I guess it’s confession time. I kind of have a love-hate relationship with hiking. What I love most is being out in nature, exploring the forests and local trails and chasing butterflies.
Now for the part that gets me anxious in the morning before a hike and whenever I look up while out on a hiking trail … going uphill, especially those very steep mountain trails that just look like a solid wall.
I have always struggled and felt like I didn’t have enough power to just keep pushing to get to the top. I made it to the top every time, but with lots of stops for breathing and drinking water, and taking photos (as an excuse to breathe and give my legs a rest).
I decided I had enough and needed to do something, so I went to my local gym and spoke to a trainer to find out what exercises I can do to help me hike uphill better. This is what I learned:
Which Exercises Give Explosive Power for Hiking Uphill?
There are numerous exercises you can do on your non-hiking days that will help you develop more leg strength so you can hike uphill and not feel like the most unfit person ever (even when you aren’t). The exercises and their variations to keep things interesting include a combination of plyometrics, cardio, and strength training, and you can do these in repetition sets and exercise for 30 minutes, or you can do an interval training workout. The best exercises to give you explosive power for uphill hiking are jumping jacks, squats, lunges, step or uphill runs, step-ups, burpees, and calf raises. For most of these exercises, you can try out variations to keep your exercise routine interesting.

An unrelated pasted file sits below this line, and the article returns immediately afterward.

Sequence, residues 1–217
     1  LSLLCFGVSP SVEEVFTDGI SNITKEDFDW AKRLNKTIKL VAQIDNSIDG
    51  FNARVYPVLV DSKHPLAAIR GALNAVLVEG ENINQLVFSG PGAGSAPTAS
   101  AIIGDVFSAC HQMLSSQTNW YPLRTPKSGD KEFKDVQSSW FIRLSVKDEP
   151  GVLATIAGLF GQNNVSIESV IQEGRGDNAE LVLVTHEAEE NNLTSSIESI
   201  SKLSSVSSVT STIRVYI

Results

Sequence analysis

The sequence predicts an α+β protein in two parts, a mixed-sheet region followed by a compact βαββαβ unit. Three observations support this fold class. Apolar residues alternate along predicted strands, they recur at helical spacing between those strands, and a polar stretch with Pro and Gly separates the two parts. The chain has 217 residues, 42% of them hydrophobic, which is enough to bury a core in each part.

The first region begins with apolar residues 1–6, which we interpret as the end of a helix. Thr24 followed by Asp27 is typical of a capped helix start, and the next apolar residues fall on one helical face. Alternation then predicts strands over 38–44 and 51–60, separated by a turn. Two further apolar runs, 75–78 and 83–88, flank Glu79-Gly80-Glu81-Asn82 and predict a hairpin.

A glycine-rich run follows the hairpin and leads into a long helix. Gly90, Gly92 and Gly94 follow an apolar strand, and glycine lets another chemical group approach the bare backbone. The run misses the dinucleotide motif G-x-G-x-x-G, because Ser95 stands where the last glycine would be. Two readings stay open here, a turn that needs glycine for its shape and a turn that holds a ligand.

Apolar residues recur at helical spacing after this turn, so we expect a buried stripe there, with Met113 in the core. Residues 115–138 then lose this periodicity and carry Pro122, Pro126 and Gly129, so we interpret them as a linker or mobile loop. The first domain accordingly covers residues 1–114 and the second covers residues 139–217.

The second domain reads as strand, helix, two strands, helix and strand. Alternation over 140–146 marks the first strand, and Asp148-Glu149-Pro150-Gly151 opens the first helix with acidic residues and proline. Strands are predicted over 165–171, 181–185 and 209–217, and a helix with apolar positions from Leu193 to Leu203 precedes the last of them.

The 6 Best Exercises to Help You Hike Uphill Better
My local gym trainer shared that these are the best exercises you can do so you have enough stamina to hike uphill. I have since combined these into a cardio routine I do 3-4 times a week since I go hiking twice a week.
Uphill Exercise 1: Jumping Jacks
Before I start my cardio exercise routine to help me hike better uphill, I do some general stretches for about 5 minutes, and then I start with 30-40 seconds of jumping jacks.
This exercise boosts my heart rate and it works my legs and arms.
Uphill Exercise 2: Squats
Not everyone is a fan of doing squats, but I’ve found that if I just focus on that one spot in front of me, I can get through a set or two quite well. The benefit of doing squats is that this exercise boosts leg strength, which is what you need when you hike uphill.
There are different kinds of squats I include in my cardio routine on non-hiking days. I try to do 2 sets of each every week, but I also switch it up so I don’t get bored. The types of squats I do are:
- Normal squats where I start with my feet shoulder-width apart and go down into a normal squat as low as is comfortable, then back up into a straight standing position, and repeat.
- Squat pulses where I do a normal squat, but instead of getting back up straight away, I pulse for 5-10 seconds in the squat position.
- Jump squats where I do a normal squat and explosively jump up, pushing through my legs and feet to get off the ground, and then go back into a squat, and repeat.
- Single-leg squats help improve my agility and balance, so I keep my arms out in front of my body, and then squat down on one leg while I engage my core. I do 5-10 reps with one leg and then switch to the other leg for 2-3 sets.